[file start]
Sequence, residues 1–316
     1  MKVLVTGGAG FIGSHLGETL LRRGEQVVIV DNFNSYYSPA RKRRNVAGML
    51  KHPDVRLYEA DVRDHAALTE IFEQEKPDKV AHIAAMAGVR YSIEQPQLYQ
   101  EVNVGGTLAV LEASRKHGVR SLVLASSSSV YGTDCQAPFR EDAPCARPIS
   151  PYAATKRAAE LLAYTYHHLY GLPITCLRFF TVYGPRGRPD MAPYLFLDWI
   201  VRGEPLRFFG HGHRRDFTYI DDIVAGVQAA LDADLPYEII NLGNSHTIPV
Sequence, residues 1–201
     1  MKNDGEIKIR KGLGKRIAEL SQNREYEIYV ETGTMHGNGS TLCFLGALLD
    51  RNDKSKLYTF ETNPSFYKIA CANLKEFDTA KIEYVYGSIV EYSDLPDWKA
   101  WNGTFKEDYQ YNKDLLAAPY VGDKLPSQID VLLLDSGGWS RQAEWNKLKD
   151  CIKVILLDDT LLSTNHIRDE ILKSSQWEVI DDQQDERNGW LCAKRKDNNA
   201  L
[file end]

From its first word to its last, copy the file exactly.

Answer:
Sequence, residues 1–316
     1  MKVLVTGGAG FIGSHLGETL LRRGEQVVIV DNFNSYYSPA RKRRNVAGML
    51  KHPDVRLYEA DVRDHAALTE IFEQEKPDKV AHIAAMAGVR YSIEQPQLYQ
   101  EVNVGGTLAV LEASRKHGVR SLVLASSSSV YGTDCQAPFR EDAPCARPIS
   151  PYAATKRAAE LLAYTYHHLY GLPITCLRFF TVYGPRGRPD MAPYLFLDWI
   201  VRGEPLRFFG HGHRRDFTYI DDIVAGVQAA LDADLPYEII NLGNSHTIPV
Sequence, residues 1–201
     1  MKNDGEIKIR KGLGKRIAEL SQNREYEIYV ETGTMHGNGS TLCFLGALLD
    51  RNDKSKLYTF ETNPSFYKIA CANLKEFDTA KIEYVYGSIV EYSDLPDWKA
   101  WNGTFKEDYQ YNKDLLAAPY VGDKLPSQID VLLLDSGGWS RQAEWNKLKD
   151  CIKVILLDDT LLSTNHIRDE ILKSSQWEVI DDQQDERNGW LCAKRKDNNA
   201  L